Quandaries Of Privatization In A Market Adverse Environment - Major Inconsistencies In The Transition Strategy Of Serbia
Deeply rooted traditional values, specific and long drawn collective memories, ethnic heterogeneity and the egalitarian syndrome make Serbia a particularly inimical environment for privatization and other undertakings meant to transform the system into a market economy. Both political elites and the broad public have their - though distinct and evidently separate - reasons to oppose privatization. At the same time, political pressures from abroad and the declaratory effect of pronouncements for modernization make it attractive to produce the semblance of a determination to change the structure of ownership and allegedly to modernize the society. The resulting set of interacting forces is quite complex. The actual resistance to privatization manifests itself in obligating the buyers to adopt additional duties in the form of so called social and investment programs. These programs proved to be quite effective in complicating the privatization and slowing it down. The insoluble problem of finding the trade-offs between the purchasing price and each of these programs arose. It turned out that the state and its bureaucracy - true, contractually - took it upon themselves to determine how much should be invested in each privatized company. The government has neither the motivation nor expertise, and not even incentives to acquire the needed knowledge, for a proper carrying out of these functions. Had the government been able to play successfully the roles of manager, investor, innovator and the entrepreneur, privatization itself would not be necessary and would in fact be counterproductive. A further area covered by the paper is the set of economic and social factors underlying the opposition towards privatization and making it slower in relation to how it unfolded in the comparable countries in transition. Such are, among other, aging population and almost unbearable magnitude of the fiscal burden, the inclination of the elites to preserve the collectively held enterprises as their power base, the exceptionally high share of the grey economy, the entropy approaching the virtual break-up of the financial system, with unbelievably high amount of arrears, and prolonged appreciation of the national currency which impaired exports heavily and wiped out a number of material production sectors because of the unjustifiably tough competition on the part of imports. A number of comments were made on the sad state and low level of economic science which, rather than clarifying the perilous consequences of the described policies, has uncritically endorsed them.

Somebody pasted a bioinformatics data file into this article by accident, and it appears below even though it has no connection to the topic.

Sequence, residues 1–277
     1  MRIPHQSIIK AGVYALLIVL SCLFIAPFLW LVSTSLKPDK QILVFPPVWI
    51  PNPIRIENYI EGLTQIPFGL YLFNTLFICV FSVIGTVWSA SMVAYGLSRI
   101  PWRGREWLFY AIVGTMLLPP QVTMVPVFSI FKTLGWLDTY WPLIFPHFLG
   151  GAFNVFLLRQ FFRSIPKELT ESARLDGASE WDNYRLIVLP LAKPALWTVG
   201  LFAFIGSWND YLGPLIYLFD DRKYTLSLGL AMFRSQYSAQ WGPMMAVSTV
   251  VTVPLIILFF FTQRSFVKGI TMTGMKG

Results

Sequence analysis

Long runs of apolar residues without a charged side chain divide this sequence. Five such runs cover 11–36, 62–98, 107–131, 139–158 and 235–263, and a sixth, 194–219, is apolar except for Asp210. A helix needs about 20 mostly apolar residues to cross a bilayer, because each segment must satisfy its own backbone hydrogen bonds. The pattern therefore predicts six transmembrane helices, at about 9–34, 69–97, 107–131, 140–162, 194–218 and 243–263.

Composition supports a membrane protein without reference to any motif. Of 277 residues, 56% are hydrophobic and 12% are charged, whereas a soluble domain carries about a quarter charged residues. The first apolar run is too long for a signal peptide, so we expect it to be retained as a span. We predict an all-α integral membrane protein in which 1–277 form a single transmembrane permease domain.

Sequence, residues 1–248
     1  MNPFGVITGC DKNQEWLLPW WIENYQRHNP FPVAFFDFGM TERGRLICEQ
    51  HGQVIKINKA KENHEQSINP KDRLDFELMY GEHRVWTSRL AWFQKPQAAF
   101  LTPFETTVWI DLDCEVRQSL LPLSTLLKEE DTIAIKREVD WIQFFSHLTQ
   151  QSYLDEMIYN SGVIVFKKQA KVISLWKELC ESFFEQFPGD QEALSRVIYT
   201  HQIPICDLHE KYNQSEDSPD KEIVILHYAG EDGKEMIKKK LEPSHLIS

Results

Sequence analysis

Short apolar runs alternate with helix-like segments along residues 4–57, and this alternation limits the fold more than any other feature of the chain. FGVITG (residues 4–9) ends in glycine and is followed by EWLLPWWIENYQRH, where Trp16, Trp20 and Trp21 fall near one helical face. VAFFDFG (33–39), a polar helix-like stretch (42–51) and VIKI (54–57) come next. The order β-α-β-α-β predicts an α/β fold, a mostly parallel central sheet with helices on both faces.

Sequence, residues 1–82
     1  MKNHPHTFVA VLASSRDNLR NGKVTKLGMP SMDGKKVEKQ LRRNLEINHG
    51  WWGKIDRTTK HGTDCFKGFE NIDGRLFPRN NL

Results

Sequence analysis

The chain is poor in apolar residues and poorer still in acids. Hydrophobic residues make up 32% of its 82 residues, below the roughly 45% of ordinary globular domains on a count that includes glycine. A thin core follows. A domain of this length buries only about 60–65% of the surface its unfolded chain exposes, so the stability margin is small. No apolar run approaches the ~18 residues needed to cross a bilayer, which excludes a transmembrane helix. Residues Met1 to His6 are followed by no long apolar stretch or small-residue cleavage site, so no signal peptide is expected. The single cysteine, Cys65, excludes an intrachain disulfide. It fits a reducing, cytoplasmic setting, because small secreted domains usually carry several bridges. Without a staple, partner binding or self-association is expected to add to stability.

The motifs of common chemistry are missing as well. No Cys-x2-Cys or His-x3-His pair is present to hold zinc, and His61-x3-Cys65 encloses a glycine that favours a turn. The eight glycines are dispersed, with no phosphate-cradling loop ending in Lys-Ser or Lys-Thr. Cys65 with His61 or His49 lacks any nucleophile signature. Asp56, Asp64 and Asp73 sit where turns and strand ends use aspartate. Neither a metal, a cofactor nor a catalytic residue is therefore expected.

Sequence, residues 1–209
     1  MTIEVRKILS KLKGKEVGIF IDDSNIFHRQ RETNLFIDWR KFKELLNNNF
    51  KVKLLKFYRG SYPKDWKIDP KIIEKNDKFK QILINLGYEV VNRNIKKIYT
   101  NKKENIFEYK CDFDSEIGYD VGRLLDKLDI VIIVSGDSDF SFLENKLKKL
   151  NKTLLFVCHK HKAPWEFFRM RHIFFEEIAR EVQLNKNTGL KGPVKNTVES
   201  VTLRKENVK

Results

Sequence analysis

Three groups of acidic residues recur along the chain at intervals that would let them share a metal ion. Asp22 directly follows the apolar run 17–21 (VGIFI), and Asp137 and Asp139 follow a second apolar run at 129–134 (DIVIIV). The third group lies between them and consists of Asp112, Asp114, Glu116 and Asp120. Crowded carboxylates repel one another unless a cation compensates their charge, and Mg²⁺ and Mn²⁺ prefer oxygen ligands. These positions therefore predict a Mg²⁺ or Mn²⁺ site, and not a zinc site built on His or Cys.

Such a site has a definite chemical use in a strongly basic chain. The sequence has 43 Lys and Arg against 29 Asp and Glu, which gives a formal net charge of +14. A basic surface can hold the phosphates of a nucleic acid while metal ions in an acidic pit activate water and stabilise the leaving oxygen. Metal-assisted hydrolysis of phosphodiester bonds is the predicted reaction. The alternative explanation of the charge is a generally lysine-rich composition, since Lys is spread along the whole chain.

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- Anthony Downs, 1957. "An Economic Theory of Political Action in a Democracy," Journal of Political Economy, University of Chicago Press, vol. 65, pages 135.
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